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North Carolina Department of Environment Quality

NC Department of Environment and Natural Resources
Marine Fisheries - Artificial Reef Program

Marine Fisheries

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North Carolina has one of the most active artificial reef programs in the country, due, in part, to its continued association with active civilian participants (private fishing clubs and artificial reef associations) through material donations and logistical and practical support.

  1. What is an artificial reef?
  2. Where are North Carolina's artificial reefs?
  3. How are artificial reefs constructed?
  4. Artficial reef research
  5. Artificial reef documents

What is an artificial reef?

Artificial reefs are comprised of man-made structures such as decommissioned vessels, railroad cars, and concrete reef balls, pipe and large pieces of concrete rubble. All pollutants and contaminants are removed from materials before they are placed on reef sites. They are called artificial reefs because they provide the same benefits as naturally occurring reefs -- food and shelter for marine life. Once a structure is colonized by marine organisms, small baitfish move in, followed by larger fish prized by anglers. The same communities that attract anglers also make artificial reefs popular spots with SCUBA divers.
North Carolina also contains 12 oyster sanctuaries and CRFL fishing and oyster reefs, designed with a priority on sustainable oyster populations. These reefs attract native oyster larvae, other estuarine invertebrates and may be essential habitat to juvenile finfish. In turn, this productive habitat may attract larger transient finfish, enhancing coastal hook-and-line fishing opportunity.

Where are the reefs?

North Carolina's artificial reefs are marked by buoys and can be found using GPS coordinates.
 
As of December 2013, North Carolina had 49 permitted artificial reef sites. Forty-one of these are ocean sites, and 8 permitted sites are in North Carolina's estuaries.

 

Map of North Carolina's artificial reef sites. Click the icon for each reef to expand information about each site, including GPS coordinates.


view larger map

Artificial Reef Construction

Artificial reefs are developed through the use of prefabricated reef units designed specifically for artificial reef construction, or materials of opportunity, which originally had a purpose other than artificial reef construction. Prefabricated units were developed by industry to provide the characteristics of a reef habitat: food and shelter. This is accomplished through engineering a unit that maximizes complexity. Prefabricated units are usually made of concrete, which is strong, durable and is close in composition to natural limestone live bottom. Materials of opportunity are not intended for artificial reef construction, but are plentiful, inexpensive, and satisfy the characteristics of a reef habitat as well. Common materials of opportunity include: concrete pipe, manhole sections and vessels. Materials of opportunity also alleviate the need to dispose of unwanted materials in landfills, making these materials very attractive. All materials used must undergo extensive inspection to insure that no hazardous materials such as, petroleum products, lead, PCB, etc. are present. These soon to be artificial reefs are deployed by the NC Division of Marine Fisheries or independent contractors. Much of the materials used in artificial reef construction are donated through local fishing clubs, artificial reef associations and dive clubs. Without these partnerships, the NC Artificial Reef Program would not be what it is today!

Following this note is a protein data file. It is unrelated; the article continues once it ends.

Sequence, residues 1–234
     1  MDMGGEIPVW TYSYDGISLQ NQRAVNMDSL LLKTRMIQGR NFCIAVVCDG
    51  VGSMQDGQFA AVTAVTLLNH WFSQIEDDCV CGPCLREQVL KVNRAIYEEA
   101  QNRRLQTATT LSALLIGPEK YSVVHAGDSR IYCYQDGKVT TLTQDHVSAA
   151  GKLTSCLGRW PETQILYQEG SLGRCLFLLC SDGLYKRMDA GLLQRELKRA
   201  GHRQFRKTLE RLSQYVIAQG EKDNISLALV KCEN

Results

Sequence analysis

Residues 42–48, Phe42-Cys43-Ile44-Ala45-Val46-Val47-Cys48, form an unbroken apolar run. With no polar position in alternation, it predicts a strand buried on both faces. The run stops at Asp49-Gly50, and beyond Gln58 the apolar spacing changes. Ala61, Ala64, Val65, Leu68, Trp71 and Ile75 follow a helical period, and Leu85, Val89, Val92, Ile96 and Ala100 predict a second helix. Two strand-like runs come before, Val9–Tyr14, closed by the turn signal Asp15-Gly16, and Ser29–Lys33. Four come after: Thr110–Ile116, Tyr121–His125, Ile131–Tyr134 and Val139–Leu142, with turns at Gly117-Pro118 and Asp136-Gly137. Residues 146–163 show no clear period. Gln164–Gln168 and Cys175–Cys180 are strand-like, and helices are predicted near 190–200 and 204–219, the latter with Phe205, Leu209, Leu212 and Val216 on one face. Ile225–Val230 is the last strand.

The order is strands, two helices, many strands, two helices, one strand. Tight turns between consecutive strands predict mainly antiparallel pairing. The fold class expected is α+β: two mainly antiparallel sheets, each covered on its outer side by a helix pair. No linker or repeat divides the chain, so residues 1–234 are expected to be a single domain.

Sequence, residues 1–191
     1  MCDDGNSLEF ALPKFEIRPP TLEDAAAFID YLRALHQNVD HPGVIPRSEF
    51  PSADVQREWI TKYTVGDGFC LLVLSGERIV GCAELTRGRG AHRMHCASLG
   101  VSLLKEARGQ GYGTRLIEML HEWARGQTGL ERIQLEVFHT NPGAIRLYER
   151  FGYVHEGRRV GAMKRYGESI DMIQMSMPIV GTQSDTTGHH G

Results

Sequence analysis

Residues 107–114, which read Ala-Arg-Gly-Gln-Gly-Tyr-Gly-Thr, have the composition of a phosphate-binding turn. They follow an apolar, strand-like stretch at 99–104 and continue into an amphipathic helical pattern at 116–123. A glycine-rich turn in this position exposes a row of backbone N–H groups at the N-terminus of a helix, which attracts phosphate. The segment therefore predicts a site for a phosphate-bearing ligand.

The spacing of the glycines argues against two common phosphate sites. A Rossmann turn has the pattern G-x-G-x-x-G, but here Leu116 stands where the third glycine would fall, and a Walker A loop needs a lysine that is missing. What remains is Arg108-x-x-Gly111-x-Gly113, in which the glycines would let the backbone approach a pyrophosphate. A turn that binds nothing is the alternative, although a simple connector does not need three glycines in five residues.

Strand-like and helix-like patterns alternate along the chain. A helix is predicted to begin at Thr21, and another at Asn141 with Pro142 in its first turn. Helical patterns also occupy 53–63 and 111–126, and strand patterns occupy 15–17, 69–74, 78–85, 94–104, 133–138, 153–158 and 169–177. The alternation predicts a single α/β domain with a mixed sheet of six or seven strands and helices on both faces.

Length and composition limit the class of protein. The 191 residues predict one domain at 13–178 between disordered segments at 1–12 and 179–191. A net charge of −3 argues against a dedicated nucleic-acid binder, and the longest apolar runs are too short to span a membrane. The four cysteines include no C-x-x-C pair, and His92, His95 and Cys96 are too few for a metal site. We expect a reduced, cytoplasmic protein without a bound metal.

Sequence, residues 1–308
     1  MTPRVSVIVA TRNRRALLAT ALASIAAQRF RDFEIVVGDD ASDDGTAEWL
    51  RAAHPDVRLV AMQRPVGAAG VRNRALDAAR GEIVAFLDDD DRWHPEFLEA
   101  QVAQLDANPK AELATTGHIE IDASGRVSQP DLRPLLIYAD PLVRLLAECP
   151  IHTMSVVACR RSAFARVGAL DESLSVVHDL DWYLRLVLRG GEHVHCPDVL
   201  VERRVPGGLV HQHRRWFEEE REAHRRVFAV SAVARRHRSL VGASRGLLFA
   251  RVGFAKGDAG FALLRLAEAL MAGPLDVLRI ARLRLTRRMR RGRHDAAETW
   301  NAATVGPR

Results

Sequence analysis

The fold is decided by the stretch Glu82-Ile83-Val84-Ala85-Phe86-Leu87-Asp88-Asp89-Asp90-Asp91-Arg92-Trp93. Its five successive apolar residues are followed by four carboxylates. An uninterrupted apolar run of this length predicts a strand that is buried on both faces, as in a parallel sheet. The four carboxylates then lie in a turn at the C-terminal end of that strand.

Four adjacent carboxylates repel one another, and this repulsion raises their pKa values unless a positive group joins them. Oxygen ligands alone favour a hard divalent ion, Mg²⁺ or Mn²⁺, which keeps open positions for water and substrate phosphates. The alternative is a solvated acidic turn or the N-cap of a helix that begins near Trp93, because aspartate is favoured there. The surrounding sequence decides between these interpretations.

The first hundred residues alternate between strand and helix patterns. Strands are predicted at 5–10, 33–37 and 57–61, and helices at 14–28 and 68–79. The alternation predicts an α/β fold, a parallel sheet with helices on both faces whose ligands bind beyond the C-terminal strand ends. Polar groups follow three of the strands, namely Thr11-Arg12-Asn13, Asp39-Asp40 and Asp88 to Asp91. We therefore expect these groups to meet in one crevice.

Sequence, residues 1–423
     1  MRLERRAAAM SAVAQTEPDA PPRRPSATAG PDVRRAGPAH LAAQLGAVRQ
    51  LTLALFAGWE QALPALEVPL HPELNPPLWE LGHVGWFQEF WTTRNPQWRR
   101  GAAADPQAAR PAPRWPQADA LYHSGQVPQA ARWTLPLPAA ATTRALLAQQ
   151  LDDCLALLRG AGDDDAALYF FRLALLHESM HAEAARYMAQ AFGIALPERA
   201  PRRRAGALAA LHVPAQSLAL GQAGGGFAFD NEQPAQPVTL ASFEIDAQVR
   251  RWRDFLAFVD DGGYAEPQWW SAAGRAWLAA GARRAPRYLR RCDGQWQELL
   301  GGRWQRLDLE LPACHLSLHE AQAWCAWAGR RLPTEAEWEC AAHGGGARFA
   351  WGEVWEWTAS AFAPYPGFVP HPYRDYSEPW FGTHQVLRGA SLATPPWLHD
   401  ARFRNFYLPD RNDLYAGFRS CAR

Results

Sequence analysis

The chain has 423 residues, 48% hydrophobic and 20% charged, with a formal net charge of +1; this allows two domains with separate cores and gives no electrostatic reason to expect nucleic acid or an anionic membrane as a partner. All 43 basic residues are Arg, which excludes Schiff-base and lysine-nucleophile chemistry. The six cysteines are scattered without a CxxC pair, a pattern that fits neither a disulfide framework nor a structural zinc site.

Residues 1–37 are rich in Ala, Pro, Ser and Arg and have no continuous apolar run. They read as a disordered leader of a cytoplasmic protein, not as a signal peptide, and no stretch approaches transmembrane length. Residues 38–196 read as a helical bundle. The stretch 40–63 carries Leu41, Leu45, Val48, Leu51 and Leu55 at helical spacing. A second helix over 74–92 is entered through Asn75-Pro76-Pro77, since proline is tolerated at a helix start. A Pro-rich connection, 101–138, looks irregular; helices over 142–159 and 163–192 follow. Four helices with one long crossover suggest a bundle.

Past Research

Instant habitat

Artificial Reef Program staff report that within hours after placement of an artificial reef organisms will begin to colonize the structure. The first to arrive are the finfish, looking for food or structure to hide from predators. Once the benthic (bottom) community (barnacles, algae, oysters, etc.) is established, the reef becomes a home to a myriad of fish and invertebrates that can be enjoyed by all!

Nursery Area

Important commercial and recreational fish such as gag grouper and black sea bass have been noted utilizing artificial reefs as nursery habitat. These juvenile fish prefer habitat with ledges and overhangs that allow them to ambush their prey.

Documents

Artificial Reef Master Plan

Reef Guide

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N.C. Division of Marine Fisheries • 3441 Arendell Street • Morehead City, NC 28557 • 252-726-7021 or 800-682-2632

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